The road south towards Areopolis and the Deep Mani traverses a narrow plateau between a steep olive terraced incline towards the sea and the rising bulk of the Taygetus, Gaidourovouni - 'Donkey Mountain'. Strung along this road are a number of settlements. The first, Nomitsis, seems to barely deserves the appellation of village but its past importance can be judged by the old churches which line the road.

For a map of the whole area from Platsa to Langada - including Nomitsis - click here.

There is more of the village just above the main road and Kassis lists 24 churches in the area. In some of the early sources on Byzantine churches, such as Traquair, Nomitsis is called Koumani or often Koutiphari which is really a part of and the old name for Thalames another few hundred metres south. This string of villages are possibly located above the coast due to the threat of pirate attack. Evliya Celebi wrote in the 1670s that the villages were built near one another from fear of the kapetani of the gazis (Turkish soldiers) from the castles of Methoni, Koroni and Oran. The area was famous for its export of vallonia (Evliya calls it 'velanidia') from the oaks of that name, and later observers mention a thriving trade in wood for ships masts. Little of this obvious wealth of timber is evident today.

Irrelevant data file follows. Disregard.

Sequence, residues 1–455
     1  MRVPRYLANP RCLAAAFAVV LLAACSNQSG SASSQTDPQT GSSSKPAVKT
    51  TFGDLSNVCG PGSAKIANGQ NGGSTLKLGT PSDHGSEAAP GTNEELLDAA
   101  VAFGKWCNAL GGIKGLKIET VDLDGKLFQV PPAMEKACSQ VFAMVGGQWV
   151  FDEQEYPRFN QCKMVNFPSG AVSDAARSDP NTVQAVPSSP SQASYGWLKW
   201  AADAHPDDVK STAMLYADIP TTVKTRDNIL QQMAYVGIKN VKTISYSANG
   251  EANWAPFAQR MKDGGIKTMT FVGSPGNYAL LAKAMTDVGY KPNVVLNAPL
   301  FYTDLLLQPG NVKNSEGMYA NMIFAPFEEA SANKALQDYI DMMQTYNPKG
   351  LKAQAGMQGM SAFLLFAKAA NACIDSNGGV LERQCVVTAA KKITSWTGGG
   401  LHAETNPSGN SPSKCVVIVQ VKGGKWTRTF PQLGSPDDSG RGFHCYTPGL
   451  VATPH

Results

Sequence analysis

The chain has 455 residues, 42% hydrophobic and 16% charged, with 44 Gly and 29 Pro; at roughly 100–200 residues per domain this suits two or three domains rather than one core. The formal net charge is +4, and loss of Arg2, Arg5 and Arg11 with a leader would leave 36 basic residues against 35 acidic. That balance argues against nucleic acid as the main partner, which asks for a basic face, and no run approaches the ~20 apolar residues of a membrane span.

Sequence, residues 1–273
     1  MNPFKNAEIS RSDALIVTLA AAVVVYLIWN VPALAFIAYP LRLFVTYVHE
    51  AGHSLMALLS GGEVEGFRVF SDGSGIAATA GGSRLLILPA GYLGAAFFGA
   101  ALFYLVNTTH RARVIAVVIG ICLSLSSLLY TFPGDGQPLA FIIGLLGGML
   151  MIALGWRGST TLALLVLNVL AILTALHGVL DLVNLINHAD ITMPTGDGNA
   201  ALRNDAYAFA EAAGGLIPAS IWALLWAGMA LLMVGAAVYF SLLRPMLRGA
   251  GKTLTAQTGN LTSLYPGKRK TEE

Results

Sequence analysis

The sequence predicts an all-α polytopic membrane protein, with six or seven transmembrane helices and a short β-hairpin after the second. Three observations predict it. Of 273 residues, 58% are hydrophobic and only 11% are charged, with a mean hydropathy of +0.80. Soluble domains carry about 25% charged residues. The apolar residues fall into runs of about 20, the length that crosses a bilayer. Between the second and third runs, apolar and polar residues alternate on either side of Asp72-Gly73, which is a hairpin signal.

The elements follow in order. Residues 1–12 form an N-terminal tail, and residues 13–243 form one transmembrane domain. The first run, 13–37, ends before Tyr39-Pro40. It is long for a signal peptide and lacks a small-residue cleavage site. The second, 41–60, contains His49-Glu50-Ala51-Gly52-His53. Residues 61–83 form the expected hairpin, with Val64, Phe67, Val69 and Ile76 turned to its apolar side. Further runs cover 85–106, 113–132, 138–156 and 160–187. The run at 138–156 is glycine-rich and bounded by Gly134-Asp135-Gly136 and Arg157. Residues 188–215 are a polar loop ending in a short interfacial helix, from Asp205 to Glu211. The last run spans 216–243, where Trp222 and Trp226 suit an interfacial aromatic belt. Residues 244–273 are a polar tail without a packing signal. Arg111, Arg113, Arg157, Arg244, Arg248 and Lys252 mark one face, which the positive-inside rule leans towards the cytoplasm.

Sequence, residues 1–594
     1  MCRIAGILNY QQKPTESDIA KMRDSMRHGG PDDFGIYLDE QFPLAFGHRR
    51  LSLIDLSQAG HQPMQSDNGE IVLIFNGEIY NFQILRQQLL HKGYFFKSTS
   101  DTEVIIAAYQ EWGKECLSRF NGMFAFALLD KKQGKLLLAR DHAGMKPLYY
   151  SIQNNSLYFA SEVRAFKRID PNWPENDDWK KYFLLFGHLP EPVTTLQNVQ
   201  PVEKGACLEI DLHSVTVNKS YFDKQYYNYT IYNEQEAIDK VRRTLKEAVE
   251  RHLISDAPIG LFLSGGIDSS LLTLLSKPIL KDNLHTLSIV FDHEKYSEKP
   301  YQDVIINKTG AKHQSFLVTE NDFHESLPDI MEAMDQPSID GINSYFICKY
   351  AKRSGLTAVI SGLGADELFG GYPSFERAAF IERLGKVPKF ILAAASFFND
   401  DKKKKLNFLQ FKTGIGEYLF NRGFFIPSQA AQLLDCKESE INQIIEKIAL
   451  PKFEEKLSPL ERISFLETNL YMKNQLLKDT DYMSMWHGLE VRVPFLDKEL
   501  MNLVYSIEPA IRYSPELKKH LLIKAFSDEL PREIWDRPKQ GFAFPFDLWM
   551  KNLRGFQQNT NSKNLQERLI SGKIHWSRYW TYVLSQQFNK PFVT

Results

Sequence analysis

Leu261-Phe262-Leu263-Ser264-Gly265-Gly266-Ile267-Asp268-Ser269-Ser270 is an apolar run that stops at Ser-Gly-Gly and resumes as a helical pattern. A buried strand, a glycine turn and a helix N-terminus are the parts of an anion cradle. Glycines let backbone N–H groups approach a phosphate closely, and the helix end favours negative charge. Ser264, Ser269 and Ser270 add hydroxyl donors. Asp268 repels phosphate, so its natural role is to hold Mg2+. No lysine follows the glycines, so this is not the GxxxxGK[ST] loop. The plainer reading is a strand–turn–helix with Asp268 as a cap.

I was rather unfair to Nomitsis in my earlier comment on this page stating that it hardly deserved the appellation of village. In fact, after further investigation, there is a small warren of streets and houses above the main road. The main domed church in the platea (park here) is dedicated to Ag. Georgios with a high bell tower over the west door. It looks late 18th century and is locked though Kassis says it has paintings by Ilia Kouloufako from 1814. If one follows the street to the south you'll come to a small square in which is a fascinating building.